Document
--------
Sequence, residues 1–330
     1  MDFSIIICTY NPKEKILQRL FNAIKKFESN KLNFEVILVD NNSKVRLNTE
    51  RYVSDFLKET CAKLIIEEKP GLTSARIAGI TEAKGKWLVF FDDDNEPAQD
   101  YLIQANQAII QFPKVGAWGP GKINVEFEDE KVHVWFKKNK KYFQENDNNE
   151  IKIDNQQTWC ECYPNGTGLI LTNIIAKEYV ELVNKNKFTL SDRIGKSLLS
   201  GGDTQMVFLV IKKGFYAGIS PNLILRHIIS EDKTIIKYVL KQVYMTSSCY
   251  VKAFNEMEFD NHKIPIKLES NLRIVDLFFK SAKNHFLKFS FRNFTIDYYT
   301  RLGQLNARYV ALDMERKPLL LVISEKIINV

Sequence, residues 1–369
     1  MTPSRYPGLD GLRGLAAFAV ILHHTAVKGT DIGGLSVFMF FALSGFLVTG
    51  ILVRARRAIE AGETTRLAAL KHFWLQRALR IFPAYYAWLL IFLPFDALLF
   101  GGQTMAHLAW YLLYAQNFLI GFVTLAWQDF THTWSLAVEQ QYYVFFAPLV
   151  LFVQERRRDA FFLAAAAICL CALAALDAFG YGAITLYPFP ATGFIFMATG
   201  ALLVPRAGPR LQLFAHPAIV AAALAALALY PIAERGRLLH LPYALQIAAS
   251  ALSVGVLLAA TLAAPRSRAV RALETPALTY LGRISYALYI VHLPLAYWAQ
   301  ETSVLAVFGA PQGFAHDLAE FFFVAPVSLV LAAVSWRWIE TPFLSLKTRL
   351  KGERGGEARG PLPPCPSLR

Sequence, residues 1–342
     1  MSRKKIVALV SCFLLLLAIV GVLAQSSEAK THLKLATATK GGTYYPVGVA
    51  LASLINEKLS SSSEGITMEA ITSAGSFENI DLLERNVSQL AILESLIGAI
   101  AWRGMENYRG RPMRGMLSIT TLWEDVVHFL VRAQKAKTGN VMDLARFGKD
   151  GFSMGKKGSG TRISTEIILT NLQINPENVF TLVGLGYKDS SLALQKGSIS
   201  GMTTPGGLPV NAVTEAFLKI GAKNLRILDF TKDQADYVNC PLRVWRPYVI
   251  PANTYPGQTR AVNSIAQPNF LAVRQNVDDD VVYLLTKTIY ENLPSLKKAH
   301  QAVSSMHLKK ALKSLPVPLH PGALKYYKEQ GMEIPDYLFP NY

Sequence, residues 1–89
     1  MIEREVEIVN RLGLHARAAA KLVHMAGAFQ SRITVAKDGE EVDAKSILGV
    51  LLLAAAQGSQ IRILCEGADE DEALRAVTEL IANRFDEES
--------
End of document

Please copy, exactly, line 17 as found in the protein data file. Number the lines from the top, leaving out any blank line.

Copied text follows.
   351  KGERGGEARG PLPPCPSLR